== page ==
The photo above of my sisters and me at the park barely a twenty minute drive from my home was taken in 1995. On September 10, 2001 that skyline looked exactly the same as it does in that photo. By September 12, there was a mess of smoke. As weeks and months went by it began to seem as though someone had taken a pencil and simply erased the twin towers, with no sign left that they were ever there at all.
I was a 7th grader at Saint Andrew’s, a parochial elementary school, in September of 2001. The 11th was just like any other day. I went to school, I did my schoolwork. I talked and laughed with my friends. I ate my snacks and learned my lessons.
There were a few odd things going on that didn’t make sense until later. The teachers were having many intermittent meetings in the hallway. My classmates and I whispered to each other, speculating about the topic of these meetings. A teacher getting fired? A death among the many elderly nuns we had come to know? But none of us could have fathomed the truth.
After lunch we were not allowed to go outside for recess, instead we stayed in the cafeteria and played Bingo like we did on rainy days. It was such a beautiful day though, I remembered it from my walk to school that morning. Blue sky, puffy while clouds, soft breeze… perfect for double-dutch and dodgeball. But we shrugged it off and studied our Bingo cards.
One of the kids in my class usually went home for lunch, and I remember seeing him in the cafeteria that day. Huh. Perhaps his family had an emergency? If I only knew how true that thought was.
At the end of the day, we said our one traditional prayer as we always did, but my teacher continued, saying two additional prayers before dismissing us. We glanced at each other, confused, but said the prayers like the good Catholic students we were before grabbing our books and going on our way.
Once outside, my friend Ashley and I prepared for our usual walk home when we spotted Ashley’s mom’s minivan across the street.
“What is my mom doing here?”
Ashley barely had time to get the words out before her mom was jumping out of the van, talking a mile a minute. I heard something about planes. Crashes. Buildings. Falling. New York. World Trade Center. Get in the car. Now.
She hustled us into the backseat of the van. We were frozen with confusion and fear. What was happening? My head was spinning.
I don’t remember the short ride from school to my house. I don’t remember what Ashley and I said to each other when I got out of the van. My mom was coming out of my house as I was going in. She said she was going to Aunt Jan’s and told me to stay in the house. I don’t remember why my younger sister, who was in 3rd grade at my school, wasn’t with Ashley and me. I don’t remember when my dad eventually arrived home, with five coworkers in tow, who had no way to get back to their own homes. I don’t remember when I found out that Uncle Mike and Aunt Susie had also made it home. I don’t remember the moment when I realized that so many others never did.
I do remember standing in front of the TV and watching the events of the morning unfold, silently cursing the principal of my school. How dare you not tell me that my family members might be dead. How dare you not tell me what was happening less than 15 miles from the place I lay my head at night. How dare you let me play Bingo and read books while my country was in a crisis. How. Dare. You.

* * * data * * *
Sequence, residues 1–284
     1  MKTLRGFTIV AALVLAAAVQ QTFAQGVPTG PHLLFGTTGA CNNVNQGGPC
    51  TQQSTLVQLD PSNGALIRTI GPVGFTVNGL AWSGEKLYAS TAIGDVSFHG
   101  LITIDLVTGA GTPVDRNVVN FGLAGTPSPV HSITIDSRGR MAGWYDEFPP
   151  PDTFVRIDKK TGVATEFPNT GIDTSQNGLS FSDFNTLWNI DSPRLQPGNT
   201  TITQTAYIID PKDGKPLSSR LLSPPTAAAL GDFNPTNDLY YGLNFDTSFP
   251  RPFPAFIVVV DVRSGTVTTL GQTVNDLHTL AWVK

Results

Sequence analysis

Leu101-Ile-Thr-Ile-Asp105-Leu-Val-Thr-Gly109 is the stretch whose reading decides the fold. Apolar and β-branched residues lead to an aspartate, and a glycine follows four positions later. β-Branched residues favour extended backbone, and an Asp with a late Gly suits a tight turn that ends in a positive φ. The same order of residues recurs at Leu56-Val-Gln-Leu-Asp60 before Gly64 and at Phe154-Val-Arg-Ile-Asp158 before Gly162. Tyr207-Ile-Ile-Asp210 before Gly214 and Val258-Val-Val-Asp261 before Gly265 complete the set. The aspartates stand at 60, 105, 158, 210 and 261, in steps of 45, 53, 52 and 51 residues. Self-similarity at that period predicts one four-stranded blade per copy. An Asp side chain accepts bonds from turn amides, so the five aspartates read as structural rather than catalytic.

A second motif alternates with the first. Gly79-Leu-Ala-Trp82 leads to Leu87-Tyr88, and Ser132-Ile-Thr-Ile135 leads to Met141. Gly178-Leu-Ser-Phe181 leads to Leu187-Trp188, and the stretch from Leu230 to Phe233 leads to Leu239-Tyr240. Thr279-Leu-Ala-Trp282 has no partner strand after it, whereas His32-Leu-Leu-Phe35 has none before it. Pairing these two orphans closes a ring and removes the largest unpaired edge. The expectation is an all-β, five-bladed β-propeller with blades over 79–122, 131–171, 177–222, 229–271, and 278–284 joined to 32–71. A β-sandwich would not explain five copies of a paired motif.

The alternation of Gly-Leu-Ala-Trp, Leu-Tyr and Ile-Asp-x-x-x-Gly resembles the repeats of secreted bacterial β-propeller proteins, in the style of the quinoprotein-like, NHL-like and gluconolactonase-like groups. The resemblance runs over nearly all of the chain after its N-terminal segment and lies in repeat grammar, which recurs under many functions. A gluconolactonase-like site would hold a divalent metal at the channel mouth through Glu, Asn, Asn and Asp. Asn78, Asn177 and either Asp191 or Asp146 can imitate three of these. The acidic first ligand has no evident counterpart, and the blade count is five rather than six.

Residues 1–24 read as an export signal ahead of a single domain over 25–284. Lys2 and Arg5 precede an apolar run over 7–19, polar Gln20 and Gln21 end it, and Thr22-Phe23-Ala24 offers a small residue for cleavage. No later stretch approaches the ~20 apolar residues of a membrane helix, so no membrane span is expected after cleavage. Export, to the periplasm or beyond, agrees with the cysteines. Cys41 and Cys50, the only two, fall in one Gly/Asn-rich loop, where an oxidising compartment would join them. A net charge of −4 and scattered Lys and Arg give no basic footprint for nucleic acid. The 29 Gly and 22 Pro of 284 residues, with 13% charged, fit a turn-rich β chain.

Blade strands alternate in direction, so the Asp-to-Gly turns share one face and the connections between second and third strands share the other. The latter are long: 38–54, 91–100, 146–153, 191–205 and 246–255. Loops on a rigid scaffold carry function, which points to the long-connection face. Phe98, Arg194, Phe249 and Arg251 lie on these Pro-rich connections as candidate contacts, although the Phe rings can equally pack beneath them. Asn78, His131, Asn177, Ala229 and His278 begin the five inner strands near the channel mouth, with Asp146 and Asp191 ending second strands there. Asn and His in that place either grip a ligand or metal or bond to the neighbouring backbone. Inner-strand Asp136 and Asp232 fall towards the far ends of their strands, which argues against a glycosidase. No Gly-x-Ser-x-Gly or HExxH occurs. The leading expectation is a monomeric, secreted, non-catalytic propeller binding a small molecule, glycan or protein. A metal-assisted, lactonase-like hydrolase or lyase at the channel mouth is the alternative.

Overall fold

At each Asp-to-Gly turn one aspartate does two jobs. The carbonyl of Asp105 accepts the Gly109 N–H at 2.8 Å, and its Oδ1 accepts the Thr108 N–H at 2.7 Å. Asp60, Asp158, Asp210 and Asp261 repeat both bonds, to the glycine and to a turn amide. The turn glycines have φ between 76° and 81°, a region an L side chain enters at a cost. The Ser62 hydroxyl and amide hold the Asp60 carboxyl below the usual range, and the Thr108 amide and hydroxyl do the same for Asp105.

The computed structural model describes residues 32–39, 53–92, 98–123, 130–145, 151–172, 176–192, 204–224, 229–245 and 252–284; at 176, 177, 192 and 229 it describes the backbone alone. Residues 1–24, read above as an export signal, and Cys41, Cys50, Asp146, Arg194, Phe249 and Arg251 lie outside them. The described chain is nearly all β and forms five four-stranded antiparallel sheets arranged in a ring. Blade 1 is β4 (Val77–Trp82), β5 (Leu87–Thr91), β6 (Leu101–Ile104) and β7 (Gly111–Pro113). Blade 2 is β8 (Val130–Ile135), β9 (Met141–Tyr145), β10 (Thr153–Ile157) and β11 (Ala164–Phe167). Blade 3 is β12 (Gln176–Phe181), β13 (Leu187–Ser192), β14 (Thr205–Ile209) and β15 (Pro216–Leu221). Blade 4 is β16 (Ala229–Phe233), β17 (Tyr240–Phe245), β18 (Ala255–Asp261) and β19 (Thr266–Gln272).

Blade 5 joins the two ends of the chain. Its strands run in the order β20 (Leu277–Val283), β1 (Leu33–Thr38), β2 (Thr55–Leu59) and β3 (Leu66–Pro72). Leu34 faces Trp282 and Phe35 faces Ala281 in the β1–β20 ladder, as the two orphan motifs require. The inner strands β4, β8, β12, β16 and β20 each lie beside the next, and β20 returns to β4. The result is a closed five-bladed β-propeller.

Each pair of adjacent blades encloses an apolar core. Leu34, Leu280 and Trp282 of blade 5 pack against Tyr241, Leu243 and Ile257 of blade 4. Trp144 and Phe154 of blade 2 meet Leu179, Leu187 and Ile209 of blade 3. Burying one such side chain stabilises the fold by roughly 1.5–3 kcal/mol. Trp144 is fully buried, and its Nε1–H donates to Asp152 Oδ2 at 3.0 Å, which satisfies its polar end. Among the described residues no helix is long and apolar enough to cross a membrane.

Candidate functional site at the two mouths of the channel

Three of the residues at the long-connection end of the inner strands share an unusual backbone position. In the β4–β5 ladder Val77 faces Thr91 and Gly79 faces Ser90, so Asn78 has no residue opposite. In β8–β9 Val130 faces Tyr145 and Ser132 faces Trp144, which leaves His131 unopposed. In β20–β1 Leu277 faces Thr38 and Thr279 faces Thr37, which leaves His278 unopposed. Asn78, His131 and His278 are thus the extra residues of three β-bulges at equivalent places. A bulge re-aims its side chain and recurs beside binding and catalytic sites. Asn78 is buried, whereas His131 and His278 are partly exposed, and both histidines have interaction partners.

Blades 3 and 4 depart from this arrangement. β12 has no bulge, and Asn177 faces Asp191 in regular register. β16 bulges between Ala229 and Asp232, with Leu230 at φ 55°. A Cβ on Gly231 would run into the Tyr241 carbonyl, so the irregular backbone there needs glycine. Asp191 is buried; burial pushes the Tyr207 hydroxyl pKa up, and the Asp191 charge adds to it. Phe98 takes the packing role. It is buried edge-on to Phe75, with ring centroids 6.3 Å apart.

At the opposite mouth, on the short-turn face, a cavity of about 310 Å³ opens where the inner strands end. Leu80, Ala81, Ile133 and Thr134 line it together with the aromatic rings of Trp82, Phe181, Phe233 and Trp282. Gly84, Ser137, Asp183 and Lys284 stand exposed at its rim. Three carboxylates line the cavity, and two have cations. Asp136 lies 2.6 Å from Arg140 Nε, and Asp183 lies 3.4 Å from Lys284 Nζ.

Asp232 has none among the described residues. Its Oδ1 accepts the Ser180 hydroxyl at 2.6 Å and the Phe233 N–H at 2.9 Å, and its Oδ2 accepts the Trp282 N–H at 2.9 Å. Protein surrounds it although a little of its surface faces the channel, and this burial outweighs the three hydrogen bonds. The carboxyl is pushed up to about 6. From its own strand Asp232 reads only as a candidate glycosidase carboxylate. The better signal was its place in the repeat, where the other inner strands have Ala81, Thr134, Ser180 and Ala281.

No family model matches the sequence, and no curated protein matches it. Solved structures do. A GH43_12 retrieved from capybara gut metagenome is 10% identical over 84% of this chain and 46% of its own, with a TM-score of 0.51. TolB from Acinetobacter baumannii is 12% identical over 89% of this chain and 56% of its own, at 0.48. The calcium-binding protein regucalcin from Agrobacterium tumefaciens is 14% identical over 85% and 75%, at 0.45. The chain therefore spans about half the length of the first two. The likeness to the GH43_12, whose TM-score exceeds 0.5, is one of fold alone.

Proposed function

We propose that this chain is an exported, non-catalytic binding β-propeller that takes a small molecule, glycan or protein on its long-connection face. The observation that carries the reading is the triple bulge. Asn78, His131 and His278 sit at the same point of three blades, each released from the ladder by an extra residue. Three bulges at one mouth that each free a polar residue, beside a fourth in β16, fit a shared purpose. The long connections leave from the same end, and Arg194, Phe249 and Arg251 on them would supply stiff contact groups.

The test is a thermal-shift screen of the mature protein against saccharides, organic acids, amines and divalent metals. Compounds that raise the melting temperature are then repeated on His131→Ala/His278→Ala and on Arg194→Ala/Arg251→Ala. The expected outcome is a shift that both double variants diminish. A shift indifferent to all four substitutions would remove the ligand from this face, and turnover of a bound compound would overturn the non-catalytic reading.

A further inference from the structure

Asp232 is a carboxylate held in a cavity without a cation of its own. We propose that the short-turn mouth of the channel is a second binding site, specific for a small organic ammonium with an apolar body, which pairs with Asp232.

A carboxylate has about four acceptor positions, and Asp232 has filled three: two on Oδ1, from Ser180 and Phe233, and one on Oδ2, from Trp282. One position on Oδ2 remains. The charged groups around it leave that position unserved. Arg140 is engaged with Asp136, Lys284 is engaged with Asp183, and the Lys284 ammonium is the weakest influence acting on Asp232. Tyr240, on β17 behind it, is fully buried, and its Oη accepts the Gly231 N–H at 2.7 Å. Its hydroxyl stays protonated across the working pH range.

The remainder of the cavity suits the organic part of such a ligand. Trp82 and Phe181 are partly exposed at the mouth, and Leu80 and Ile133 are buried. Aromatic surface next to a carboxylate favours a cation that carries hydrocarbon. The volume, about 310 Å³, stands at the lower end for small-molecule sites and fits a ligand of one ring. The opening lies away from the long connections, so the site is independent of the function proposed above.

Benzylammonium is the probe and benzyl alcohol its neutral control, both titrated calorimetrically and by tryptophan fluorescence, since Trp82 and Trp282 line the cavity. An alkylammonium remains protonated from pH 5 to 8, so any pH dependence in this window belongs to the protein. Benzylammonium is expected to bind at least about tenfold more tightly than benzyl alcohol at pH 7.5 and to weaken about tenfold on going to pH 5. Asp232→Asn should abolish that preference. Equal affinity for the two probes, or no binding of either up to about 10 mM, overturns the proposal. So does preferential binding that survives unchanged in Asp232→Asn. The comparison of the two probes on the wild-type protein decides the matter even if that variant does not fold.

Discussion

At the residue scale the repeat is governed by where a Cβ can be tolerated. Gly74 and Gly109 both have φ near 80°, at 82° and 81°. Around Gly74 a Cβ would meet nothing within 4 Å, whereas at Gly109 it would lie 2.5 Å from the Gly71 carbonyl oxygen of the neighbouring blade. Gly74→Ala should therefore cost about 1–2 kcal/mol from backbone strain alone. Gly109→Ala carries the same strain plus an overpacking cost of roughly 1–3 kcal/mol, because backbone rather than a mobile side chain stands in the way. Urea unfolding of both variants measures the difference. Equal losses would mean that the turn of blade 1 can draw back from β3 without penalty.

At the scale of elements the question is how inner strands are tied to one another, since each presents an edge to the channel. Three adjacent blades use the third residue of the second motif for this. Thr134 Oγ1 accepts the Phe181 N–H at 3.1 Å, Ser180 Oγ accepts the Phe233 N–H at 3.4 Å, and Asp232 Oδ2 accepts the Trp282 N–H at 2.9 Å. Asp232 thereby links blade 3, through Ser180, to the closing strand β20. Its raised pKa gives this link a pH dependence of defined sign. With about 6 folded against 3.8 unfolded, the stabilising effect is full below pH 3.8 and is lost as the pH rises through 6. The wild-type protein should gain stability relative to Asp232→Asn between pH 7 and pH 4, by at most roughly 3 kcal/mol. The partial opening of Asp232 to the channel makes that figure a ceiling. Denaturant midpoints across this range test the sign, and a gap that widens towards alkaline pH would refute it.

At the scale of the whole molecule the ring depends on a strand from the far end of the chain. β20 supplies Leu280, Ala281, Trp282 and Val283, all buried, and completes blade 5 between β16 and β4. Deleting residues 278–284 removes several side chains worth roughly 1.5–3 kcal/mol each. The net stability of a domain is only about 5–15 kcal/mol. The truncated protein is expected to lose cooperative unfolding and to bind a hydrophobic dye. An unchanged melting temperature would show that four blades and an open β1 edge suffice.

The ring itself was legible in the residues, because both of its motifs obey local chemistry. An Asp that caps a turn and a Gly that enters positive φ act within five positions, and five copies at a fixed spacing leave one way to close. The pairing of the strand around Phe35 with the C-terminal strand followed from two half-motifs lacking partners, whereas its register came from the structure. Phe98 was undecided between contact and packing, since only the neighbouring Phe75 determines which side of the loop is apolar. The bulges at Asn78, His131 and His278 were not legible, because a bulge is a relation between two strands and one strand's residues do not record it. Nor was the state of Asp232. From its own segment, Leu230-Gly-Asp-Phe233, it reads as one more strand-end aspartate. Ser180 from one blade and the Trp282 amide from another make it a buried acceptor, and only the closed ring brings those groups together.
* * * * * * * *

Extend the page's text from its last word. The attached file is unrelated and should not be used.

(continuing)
Overcome with anger and sadness, I spent the rest of the afternoon and evening watching my dad and his coworkers watch TV, with looks of absolute disbelief on their faces. Six different suit jackets were flung over chairs in the living room, six ties with loosened knots hung around six necks that held up six weary heads. My dad had a look in his eyes that I was certain I never wanted to see again.
One of those men was able to make it back to his home that night. One of the others slept in my bed. The rest slept in my sisters’ beds and on our couches. My sisters and I were sent to my grandparents’ house a few blocks away, where the three of us squeezed into one small bed, curling around each other. I don’t think I was asleep as September 11 became September 12.
When I talked to Ashley later that week, she said that her father, along with many other parents, showed up at school during the morning and afternoon to take their children home. The principal wouldn’t allow anyone to be taken out of class to leave or to speak with their parents. She said all the children will be released at 2:30pm as usual and there would be no exceptions.
Over the course of time my feelings toward my principal softened. She saw an opportunity to protect us, to shield us, to keep us in a happy bubble for just a few hours more. Now when I think about what an emotional wreck I would have been, sitting in a desk in my classroom watching everything happen, I treasure those last hours of normalcy. I’m grateful that I was in my own home, surrounded by people I loved as I realized the severity of the situation. I lot of people think she did the wrong thing by not informing us, and maybe she did. But I still understand why she did it.
With every year that passes I wonder how we all managed to get out of bed on September 12, 2001. But we did it, the same way we continue to do everything- together.